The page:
Burck figured that Libby assumed his account would never be contradicted, because prosecutors could not force reporters to violate vows of confidentiality to their sources. “I think also that Libby was concerned,” Burck said. “Because he took to heart what you said back then: that you would fire anybody that you knew was involved in this. I just think he didn’t think it was worth falling on the sword.”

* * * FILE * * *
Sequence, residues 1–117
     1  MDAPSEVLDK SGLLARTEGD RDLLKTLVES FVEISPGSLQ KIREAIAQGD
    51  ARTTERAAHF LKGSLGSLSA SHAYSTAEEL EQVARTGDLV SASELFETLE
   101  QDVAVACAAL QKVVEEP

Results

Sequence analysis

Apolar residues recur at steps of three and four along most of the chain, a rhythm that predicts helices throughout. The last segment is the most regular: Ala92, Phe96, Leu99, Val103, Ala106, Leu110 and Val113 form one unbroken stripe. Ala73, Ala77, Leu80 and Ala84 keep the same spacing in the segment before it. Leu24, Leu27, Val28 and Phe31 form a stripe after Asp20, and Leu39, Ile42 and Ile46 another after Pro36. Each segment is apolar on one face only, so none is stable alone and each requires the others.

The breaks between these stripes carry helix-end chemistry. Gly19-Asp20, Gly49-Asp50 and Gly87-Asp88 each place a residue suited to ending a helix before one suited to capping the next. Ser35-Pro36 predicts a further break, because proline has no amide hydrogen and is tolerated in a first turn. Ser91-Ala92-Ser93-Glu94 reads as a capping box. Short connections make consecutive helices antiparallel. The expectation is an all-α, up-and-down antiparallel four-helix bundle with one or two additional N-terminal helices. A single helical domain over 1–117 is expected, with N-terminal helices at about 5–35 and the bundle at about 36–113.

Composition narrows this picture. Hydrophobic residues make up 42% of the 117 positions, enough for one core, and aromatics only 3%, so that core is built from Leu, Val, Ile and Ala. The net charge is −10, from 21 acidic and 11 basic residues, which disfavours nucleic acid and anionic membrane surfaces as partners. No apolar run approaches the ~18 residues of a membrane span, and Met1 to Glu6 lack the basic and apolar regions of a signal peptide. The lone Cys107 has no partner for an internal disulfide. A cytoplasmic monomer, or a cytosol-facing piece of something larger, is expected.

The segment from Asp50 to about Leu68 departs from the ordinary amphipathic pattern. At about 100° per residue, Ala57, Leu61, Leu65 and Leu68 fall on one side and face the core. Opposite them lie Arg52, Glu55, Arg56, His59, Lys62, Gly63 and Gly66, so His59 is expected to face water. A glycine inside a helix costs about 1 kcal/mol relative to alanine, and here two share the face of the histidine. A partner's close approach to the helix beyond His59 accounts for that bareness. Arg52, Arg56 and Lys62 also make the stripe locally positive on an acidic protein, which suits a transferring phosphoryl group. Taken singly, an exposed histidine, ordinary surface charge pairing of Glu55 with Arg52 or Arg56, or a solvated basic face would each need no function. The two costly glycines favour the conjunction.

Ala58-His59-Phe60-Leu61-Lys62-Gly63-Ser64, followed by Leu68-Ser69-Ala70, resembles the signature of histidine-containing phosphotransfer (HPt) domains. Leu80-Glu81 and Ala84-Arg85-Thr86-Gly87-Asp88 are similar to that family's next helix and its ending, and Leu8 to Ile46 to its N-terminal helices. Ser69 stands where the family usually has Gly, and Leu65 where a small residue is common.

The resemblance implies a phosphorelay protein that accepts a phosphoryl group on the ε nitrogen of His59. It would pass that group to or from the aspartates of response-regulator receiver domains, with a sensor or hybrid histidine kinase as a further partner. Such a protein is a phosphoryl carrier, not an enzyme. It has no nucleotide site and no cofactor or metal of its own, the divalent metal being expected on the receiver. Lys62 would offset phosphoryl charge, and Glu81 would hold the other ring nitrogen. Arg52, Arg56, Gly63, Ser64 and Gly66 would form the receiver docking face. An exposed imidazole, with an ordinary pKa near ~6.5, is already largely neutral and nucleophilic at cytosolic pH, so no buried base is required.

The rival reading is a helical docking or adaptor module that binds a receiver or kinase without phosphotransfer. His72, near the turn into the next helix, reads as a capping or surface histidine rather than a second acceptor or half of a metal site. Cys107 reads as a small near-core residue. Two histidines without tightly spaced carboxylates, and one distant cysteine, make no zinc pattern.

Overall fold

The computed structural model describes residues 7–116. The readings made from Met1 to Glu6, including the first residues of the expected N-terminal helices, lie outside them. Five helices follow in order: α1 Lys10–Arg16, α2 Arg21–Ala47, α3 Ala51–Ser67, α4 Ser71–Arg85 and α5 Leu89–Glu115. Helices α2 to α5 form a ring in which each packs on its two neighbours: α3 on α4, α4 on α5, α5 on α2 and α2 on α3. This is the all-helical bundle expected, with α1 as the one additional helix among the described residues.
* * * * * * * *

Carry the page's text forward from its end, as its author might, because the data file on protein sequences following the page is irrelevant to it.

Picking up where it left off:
So Bush had to do what he dreaded--after a final talk with Dick and tell him, no. Then he still fretted about until he left office. By the way, in the excerpt you'll see Libby claiming over and over that he is innocent so you'll have to refresh your memory about how guilty he really was. Also: he never served a day in prison--for Bush had commuted his sentence.Bush did not seem convinced. “I think he still thinks he was protecting Cheney,” the president said. If that was the case, then Cheney was seeking forgiveness for the man who had sacrificed himself on his behalf.